Mourning Doves by Angela Romano

Posted by Mrs Giggles on June 15, 2009 in 1 Oogie, Book Reviews, Genre: Fantasy & Sci-fi

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Mourning Doves by Angela Romano
Mourning Doves by Angela Romano

Dreamspinner Press, $6.99, ISBN 978-1-935192-88-6
Sci-fi Romance, 2009

Mourning Doves is an anthropomorphic futuristic romance, which is to say, it features animals given humanoid forms and even aspects of human behavior. Or is it the other way around? Think Thundercats. In this one, we are in the future when humans or animals or whatever have been “mutated” into anthropomorphs. Called “Kins”, these folks live alongside humans. The good guys are the TASK – and no, I’m never told what the letters stand for; maybe The Anthropomorphs are So Kawaii? – while the Hunters are the bad guys who want to destroy everything and everybody.

In this story, we have 18-year old Leander Kale who is the leader of his TASK group. Apart from bearing multiple body piercings, scars, and a tail (eee, so kawaii), our fox Kin hero shows little leadership ability here to convince me that he’s a leader at such a young age. Maybe the veteran TASK officers are all on leave to attend the Anthrocon in Pittsburgh. His partner is the more broody Epsilon Maddox, a cat Kin who can actually shift into cat form. There are other people in the TASK group, but the author breaks the fourth wall in the first paragraph of the story by informing me of the fates of these characters. Maybe she’s warning me in advance that these characters will exist in the story just to chew scenery and take up space, because that is exactly what those characters end up doing here.

Leander and his buddies learn that someone in TASK is leaking information to the Hunters. It is up to them to save TASK and everyone else from the evil Hunters’ destructive tendencies. But first, Leander and Epsilon will have to stop bickering like little children, which is what happens when you put emo brats in charge of saving the world. They are also supposed to be attracted to each other, as I’m led to believe when I open this book to read, but I’m hard pressed to see the spark of attraction between these two bickering kids. Oh, and I have better warn you guys: these two don’t get down to business here. The author wants to develop their relationship over several books, if the ending of this book is anything to go by, so there is no happily ever after between those two here.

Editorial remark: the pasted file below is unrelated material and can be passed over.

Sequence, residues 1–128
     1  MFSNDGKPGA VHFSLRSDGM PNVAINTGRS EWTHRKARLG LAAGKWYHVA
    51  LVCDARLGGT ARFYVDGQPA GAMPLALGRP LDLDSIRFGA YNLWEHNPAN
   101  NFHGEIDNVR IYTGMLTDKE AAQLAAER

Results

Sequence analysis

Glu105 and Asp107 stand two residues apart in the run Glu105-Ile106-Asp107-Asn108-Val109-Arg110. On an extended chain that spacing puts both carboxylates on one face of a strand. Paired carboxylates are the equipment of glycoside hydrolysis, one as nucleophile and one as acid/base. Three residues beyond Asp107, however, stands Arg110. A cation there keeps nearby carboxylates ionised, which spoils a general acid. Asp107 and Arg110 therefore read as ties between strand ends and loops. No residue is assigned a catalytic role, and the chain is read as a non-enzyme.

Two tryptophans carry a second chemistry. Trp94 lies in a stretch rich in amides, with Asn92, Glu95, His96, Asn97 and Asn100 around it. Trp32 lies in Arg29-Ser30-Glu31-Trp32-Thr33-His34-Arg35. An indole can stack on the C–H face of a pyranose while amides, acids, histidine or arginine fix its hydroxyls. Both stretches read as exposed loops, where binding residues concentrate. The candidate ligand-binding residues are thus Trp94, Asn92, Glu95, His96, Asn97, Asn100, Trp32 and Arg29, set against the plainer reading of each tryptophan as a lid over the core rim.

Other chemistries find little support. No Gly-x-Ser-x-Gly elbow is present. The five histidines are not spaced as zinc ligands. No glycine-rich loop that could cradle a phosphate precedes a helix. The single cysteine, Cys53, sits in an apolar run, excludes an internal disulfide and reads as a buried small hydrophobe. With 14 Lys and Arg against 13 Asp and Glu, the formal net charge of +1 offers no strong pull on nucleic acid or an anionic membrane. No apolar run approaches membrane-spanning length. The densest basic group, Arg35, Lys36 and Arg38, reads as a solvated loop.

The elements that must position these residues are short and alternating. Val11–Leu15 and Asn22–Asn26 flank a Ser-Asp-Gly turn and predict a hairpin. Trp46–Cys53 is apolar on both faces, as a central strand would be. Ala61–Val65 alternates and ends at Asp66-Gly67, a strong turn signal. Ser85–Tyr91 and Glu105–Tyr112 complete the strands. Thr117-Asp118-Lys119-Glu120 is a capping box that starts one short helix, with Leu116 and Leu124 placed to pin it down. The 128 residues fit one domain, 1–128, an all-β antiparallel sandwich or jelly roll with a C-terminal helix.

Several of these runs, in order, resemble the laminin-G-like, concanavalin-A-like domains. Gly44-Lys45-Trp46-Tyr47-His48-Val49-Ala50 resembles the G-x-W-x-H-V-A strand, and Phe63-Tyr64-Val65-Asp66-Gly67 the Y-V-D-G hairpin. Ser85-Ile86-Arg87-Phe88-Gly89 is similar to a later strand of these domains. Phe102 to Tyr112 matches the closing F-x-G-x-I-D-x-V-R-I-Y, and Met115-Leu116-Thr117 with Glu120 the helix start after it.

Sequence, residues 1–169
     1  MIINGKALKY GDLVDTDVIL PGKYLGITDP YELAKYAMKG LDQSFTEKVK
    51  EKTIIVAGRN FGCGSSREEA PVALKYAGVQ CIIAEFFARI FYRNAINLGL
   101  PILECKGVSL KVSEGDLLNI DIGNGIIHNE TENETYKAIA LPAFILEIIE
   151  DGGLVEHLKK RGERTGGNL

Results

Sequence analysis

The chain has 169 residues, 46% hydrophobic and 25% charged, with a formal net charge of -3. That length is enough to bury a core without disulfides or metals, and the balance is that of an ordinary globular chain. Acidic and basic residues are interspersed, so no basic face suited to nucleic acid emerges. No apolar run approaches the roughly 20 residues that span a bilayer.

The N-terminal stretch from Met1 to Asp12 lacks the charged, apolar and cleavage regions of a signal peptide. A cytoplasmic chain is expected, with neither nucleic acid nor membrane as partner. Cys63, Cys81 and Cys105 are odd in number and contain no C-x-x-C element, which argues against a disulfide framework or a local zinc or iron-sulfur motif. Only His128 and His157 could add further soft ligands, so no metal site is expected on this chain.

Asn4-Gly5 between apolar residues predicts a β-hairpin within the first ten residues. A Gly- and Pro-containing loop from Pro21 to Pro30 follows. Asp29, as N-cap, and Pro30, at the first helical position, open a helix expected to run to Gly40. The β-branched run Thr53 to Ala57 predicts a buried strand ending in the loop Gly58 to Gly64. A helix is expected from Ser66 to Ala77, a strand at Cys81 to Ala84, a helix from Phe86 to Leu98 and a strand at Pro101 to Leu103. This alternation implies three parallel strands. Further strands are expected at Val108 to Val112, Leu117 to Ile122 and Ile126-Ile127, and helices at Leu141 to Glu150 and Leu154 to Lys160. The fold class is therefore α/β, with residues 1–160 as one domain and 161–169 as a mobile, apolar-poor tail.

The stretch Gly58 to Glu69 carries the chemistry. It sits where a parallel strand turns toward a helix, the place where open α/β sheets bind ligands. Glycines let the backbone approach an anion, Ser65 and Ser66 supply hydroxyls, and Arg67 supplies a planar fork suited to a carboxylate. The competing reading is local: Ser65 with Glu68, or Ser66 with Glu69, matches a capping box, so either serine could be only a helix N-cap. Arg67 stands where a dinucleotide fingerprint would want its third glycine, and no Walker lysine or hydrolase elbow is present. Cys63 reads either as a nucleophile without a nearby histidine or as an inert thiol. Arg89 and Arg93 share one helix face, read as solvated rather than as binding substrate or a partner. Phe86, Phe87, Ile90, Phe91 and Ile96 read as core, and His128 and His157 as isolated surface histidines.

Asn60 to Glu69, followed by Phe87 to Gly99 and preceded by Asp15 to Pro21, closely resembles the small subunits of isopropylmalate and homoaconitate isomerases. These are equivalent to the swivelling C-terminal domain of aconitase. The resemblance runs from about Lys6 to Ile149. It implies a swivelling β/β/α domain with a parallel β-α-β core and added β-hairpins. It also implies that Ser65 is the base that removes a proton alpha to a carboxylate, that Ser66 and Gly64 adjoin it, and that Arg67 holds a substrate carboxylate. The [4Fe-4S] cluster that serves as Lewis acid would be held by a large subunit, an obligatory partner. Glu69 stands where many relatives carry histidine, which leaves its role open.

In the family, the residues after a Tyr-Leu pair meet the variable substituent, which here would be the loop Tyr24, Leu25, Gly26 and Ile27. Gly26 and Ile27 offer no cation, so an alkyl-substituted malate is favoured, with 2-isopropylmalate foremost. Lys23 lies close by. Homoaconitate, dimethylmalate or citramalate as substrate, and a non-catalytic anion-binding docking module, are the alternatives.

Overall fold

I’m not sure who the target audience of this book is supposed to be, because the young age of the main characters have me wondering for a while that Mourning Doves is a story written for furry-obsessed teenagers. Perhaps that will explain the juvenile bratty antics of the main characters in this story. At any rate, even if this story is meant for kids still wearing training furry diapers, it is still a tough book to slough my way through. The prose is very disjointed, with scenes getting cut off haphazardly here and there. The author loves to dump background details of the world onto the reader in a boring textbook style, but more often than not, these details are rarely necessary to the plot. On the other hand, crucial information that will be useful in appreciating the story is left out.

There are too many characters taking up space in this story, doing little to add to the story. There are also too many conversations and rambling internal monologues that rehash details that I have read only a few pages ago. In addition, the author’s tendency to break the fourth wall by letting her readers know in advance what will happen in the story serves to cripple the suspense. A good writer can use this technique to give his or her story a special flair, but Ms Romano isn’t that good a writer by this point. As a result of her use of that technique, her characters come off like fools for not noticing the clues that the author has inserted and alerted the reader to. And then we have fun lapses in logic such as when the characters shift back to humanoid form after a jaunt in their animal form, they magically get to have their clothes reappear on their bodies along with things like cell phones.

Mourning Doves is a very problematic book due to the large numbers of technical problems in the writing. I’m hoping that this would be an interesting introduction to the anthropomorphic fiction genre that is currently still under the radar of most people, but I only end up walking away with a headache.